Jeshurun (יְשֻׁרוּן) is an ironic name. From the word straight or upright, it sounds a bit like Israel in Hebrew (Yeshurun and Yisrael). Far from upright, Israel grew spoiled, according to the prophetic poem looking ahead to the falling away of the nation from God. With such a rich land, the people forgot God and sought idols, gods who are really nothing and who did not bring them to these highlands of paradise. Perhaps the most poignant image is when Moses says, “You neglected the Rock who begot you.” Since the dominant image has been of God as a mother eagle, “begot” here suggests a mother giving birth (Tigay, Deuteronomy: The JPS Torah Commentary).
“For a fire has kindled in my wrath and burned down to lower Sheol.” God expresses anger with the same exaggerated intensity we do when we are betrayed. He is the spurned husband whose wife has found other lovers. He is a father whose children have abandoned him.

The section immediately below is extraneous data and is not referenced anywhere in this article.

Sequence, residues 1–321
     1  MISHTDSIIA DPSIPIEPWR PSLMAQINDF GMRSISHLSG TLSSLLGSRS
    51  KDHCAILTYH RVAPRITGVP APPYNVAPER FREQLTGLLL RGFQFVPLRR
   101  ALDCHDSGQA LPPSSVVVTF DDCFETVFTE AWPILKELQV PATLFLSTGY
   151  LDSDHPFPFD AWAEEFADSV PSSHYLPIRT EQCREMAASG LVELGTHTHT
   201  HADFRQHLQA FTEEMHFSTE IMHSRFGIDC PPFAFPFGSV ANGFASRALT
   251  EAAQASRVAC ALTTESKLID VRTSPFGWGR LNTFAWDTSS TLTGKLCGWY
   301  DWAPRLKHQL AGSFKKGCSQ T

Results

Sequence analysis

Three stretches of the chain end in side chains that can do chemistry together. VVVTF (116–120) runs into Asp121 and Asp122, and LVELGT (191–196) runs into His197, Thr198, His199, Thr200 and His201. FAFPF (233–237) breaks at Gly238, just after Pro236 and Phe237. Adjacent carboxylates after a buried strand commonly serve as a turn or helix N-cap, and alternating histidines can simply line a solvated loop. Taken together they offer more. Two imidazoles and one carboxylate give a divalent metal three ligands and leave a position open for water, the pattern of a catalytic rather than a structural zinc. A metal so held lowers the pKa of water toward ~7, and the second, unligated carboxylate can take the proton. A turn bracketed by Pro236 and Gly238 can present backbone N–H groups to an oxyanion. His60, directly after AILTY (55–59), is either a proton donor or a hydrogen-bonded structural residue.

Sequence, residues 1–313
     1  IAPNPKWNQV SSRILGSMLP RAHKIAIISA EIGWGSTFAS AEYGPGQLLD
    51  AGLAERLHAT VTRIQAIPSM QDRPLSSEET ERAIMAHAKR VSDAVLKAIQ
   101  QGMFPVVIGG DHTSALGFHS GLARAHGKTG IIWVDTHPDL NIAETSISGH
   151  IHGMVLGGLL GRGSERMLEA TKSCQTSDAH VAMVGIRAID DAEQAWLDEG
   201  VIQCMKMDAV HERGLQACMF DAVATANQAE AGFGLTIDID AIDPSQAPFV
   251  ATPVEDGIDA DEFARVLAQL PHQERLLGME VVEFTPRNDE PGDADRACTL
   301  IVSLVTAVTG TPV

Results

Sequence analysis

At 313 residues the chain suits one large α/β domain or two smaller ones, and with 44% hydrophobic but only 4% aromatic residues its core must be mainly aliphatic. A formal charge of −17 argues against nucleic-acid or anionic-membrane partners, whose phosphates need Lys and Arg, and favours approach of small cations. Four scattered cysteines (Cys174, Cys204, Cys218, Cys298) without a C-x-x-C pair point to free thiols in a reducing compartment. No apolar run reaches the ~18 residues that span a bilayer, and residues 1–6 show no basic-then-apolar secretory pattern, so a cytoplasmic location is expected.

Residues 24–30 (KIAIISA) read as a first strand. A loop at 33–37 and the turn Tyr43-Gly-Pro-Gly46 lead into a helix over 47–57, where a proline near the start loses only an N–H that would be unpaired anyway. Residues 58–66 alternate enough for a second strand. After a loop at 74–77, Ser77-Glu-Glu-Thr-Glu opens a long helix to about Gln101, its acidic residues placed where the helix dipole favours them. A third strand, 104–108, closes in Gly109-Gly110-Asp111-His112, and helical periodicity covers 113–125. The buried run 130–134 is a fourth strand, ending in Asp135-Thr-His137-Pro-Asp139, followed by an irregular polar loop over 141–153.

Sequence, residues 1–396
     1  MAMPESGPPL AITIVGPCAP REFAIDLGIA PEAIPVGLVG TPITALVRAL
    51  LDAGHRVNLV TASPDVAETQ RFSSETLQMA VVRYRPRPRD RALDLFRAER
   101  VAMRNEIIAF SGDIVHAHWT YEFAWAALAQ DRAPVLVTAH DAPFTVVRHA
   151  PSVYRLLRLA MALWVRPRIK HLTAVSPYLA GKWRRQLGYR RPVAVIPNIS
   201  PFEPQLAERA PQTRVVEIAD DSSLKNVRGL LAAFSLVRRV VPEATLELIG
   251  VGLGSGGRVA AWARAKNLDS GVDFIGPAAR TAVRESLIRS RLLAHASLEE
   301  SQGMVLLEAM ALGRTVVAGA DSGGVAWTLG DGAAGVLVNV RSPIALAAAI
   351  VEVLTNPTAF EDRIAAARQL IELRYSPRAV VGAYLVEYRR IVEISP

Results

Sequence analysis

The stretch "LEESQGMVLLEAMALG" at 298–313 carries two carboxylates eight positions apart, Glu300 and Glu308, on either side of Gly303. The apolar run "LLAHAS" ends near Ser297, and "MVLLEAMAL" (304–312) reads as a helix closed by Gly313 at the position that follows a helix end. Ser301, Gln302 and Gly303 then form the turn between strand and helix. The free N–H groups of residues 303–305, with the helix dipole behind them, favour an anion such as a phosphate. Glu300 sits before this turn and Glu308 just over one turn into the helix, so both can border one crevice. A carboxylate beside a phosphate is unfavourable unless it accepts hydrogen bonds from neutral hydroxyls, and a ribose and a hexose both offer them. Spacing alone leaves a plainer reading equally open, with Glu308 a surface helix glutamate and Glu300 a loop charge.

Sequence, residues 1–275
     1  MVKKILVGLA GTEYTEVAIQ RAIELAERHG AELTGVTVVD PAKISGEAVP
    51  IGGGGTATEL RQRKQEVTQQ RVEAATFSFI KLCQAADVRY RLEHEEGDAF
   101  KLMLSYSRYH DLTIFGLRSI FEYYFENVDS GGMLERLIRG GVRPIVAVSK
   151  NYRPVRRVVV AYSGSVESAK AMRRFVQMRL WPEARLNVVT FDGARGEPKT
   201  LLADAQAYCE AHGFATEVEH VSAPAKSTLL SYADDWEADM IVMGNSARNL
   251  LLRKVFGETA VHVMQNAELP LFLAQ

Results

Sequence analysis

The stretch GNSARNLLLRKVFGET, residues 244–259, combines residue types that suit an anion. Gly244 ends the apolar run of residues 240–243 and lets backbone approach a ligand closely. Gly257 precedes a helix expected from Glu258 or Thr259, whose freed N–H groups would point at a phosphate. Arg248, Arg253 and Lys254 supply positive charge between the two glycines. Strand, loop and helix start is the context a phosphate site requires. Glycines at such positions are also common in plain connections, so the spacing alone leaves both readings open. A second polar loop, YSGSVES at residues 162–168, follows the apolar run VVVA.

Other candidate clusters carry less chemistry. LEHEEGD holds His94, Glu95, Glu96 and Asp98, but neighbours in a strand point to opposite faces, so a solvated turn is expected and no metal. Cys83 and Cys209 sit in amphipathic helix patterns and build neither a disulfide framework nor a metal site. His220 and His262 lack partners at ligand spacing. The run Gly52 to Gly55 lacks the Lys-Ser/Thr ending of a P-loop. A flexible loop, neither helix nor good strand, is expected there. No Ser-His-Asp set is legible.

Vs. 21 is a carefully worded poetic expression: “They antagonized me with no-gods, vexed me with nobodies; so I will antagonize them with a nothing-people and provoke them with a fool-nation.”
Betrayal has worn God’s compassion raw. He lashes out with words of anger. But then he stops himself. “I would have cut them in pieces, wiped them out from human memory, except for the taunt of the enemy.” God has a reason for not taking ultimate vengeance. He chose Israel to begin with to show the rest of humanity how a relationship with God works. If he destroys them, what would the lesson be?